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Ghost Whispers


 by Ron L. Deal

(Does your spouse have a ghost?  Go here.)


So what does your ghost say? 


Having a ghost from marriage (or childhood) past is not uncommon.  We have a little emotional residue left over from previous relationships (even ones that were mostly happy).  It’s part of our nature to carry some bruises from the past.  Because I discuss marital ghosts in great detail in The Smart Stepfamily I won’t take the time to review the concept here.  But I have identified a few specific ghosts that seem common in my counseling experience (from divorced and widowed partners).  I’m wondering if you can relate to any of them mentioned here.  I’m also wondering if you’ve uncovered the whispers of your ghost(s).  Review those below and if none of them match your ghost, share its whispers with us (see below).   


Common Ghost Whispers:


·      Protect the Kids – this ghost seems to have the children’s best interests at heart.  In reality, it is protecting you.  It says, “What does he/she know?  They’re just a stepparent to your kids.  You better watch out or your kids will experience even more pain.  Protect them when you can.”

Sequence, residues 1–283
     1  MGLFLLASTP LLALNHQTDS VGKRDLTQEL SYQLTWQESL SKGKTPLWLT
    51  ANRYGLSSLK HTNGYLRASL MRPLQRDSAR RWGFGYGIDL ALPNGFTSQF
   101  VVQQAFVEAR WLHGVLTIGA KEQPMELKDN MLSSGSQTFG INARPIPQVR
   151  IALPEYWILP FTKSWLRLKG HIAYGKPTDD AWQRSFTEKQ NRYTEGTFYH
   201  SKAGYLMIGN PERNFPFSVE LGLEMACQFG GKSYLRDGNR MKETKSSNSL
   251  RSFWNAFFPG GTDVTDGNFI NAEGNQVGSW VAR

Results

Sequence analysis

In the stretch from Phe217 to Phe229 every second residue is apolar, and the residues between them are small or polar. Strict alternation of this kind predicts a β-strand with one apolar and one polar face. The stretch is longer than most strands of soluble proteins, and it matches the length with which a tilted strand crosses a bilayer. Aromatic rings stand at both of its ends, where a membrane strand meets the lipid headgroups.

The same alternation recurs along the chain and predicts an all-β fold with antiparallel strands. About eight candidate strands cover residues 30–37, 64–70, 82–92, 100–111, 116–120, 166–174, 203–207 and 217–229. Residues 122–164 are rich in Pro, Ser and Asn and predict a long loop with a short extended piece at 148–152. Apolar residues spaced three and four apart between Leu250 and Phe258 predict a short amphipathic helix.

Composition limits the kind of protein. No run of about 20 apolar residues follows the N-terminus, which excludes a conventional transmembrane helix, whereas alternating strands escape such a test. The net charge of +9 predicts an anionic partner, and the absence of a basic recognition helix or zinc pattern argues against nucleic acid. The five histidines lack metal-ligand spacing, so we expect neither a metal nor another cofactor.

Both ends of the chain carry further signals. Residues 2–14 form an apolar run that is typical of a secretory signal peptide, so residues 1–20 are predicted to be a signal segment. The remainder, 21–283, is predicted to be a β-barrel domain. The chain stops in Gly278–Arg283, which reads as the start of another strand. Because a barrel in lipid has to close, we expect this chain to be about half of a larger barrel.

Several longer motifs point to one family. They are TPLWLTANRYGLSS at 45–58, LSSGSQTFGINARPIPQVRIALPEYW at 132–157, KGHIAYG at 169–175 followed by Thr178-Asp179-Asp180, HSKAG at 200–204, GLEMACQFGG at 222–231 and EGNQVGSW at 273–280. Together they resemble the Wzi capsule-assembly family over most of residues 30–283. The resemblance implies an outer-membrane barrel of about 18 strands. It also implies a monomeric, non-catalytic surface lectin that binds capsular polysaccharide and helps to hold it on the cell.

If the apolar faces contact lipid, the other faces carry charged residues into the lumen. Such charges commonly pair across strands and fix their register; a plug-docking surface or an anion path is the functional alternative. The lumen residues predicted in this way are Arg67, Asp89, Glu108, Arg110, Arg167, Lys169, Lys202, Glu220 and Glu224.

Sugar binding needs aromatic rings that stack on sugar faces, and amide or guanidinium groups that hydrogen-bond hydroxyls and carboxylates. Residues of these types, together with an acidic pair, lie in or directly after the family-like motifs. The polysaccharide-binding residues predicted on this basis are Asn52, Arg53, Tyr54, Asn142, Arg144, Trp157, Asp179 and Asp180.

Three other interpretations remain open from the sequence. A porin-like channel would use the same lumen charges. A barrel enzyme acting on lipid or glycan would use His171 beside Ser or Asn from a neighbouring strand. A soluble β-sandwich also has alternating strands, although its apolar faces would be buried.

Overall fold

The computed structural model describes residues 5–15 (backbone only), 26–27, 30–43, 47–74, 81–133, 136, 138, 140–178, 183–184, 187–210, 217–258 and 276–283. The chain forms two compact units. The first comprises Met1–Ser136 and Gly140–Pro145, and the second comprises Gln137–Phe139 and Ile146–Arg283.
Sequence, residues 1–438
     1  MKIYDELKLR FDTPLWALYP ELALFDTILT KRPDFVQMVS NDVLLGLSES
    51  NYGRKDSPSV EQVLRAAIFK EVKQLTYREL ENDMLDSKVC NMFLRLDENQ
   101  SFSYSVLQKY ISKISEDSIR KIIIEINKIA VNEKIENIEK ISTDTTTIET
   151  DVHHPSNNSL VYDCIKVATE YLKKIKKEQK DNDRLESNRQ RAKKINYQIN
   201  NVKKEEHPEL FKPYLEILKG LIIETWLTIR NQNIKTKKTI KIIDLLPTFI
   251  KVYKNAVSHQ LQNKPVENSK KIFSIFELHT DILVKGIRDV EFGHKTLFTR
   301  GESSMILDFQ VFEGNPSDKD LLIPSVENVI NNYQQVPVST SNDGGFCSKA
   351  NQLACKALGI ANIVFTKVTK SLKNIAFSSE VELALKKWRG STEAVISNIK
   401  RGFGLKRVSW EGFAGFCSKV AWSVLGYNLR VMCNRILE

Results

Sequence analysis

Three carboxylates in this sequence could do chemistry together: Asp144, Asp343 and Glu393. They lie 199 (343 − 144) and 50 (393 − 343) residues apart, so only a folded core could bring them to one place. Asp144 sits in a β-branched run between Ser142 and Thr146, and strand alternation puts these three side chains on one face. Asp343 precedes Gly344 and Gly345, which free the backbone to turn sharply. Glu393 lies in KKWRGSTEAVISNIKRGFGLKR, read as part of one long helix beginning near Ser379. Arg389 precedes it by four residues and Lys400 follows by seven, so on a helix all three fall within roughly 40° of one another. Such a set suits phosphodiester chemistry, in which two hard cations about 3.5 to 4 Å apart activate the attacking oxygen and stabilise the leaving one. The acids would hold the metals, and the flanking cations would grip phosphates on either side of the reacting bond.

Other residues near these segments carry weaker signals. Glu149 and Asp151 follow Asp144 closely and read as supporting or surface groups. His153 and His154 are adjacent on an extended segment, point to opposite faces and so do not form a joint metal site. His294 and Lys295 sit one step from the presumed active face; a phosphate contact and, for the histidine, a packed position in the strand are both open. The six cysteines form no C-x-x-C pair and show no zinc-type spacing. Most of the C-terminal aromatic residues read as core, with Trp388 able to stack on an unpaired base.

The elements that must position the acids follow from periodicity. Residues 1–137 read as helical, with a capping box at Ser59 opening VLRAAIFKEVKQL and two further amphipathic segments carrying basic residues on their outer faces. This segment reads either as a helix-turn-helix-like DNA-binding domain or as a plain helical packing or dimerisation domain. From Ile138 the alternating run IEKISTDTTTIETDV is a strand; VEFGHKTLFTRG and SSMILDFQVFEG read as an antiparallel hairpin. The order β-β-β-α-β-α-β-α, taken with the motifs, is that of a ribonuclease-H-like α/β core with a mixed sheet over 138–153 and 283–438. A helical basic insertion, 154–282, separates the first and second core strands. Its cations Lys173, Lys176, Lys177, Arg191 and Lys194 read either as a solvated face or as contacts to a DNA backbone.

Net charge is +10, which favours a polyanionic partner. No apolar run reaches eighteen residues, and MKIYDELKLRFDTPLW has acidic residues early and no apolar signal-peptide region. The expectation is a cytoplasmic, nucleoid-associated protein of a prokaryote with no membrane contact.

·      Keep Your Eye on the Money – especially after experiencing a tremendous loss in income, this ghost urges you to watch every dime.  It says, “you better keep a little money stashed away just in case.  You don’t want to get stuck holding the bag again.  Besides, you have children to provide for; make sure they get their share first.”


·      Who’s in Our Bed?  This ghost is concerned that sex this time around might pale in comparison to previous sexual relationships.  It urges couples to “check for compatibility” before marriage and plants seeds of fear within marriage.  It says, “I wonder if he/she is thinking of someone else right now; I wonder how our love-making compares.  Maybe I need to act sexier to keep their attention.  Whatever you do, don’t relax, there’s too much at stake.”


Whispers of the Divorce Ghost:


·      Trust Not, Want Not – this ghost says “Avoid vulnerability and the dangers of ‘wanting’.  Being in a position of wanting or pursuing the other person puts you in a vulnerable place—like walking on the edge of a cliff.  Better to make sure they want you more than you want them.”  Careful calculated guardedness is this ghost’s friend.